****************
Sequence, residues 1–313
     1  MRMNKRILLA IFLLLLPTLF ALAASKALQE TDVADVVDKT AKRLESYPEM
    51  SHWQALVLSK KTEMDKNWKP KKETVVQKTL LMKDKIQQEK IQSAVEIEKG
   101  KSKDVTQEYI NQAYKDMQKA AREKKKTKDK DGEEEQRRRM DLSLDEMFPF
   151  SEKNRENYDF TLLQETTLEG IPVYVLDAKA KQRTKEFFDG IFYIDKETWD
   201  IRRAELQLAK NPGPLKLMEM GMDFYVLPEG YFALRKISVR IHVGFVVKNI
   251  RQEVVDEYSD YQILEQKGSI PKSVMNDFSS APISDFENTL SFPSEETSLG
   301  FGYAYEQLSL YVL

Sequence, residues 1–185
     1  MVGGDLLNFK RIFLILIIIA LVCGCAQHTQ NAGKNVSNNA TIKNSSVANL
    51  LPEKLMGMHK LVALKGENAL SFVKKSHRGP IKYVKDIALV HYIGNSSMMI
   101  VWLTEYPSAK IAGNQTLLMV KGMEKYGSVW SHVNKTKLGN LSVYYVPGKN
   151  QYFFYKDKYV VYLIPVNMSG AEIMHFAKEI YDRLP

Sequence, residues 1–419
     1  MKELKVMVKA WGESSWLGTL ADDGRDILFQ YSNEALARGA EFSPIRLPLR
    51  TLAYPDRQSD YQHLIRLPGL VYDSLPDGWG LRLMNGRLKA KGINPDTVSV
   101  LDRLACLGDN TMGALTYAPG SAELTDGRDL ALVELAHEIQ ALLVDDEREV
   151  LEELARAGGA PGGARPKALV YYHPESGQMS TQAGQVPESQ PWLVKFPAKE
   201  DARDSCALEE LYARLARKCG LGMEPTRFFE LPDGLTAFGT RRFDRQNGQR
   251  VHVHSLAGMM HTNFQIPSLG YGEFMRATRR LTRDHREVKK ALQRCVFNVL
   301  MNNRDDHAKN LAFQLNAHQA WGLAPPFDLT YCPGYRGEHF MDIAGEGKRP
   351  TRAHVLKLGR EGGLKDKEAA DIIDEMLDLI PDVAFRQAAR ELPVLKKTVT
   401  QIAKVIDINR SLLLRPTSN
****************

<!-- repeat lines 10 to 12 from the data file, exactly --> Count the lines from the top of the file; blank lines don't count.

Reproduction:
     1  MVGGDLLNFK RIFLILIIIA LVCGCAQHTQ NAGKNVSNNA TIKNSSVANL
    51  LPEKLMGMHK LVALKGENAL SFVKKSHRGP IKYVKDIALV HYIGNSSMMI
   101  VWLTEYPSAK IAGNQTLLMV KGMEKYGSVW SHVNKTKLGN LSVYYVPGKN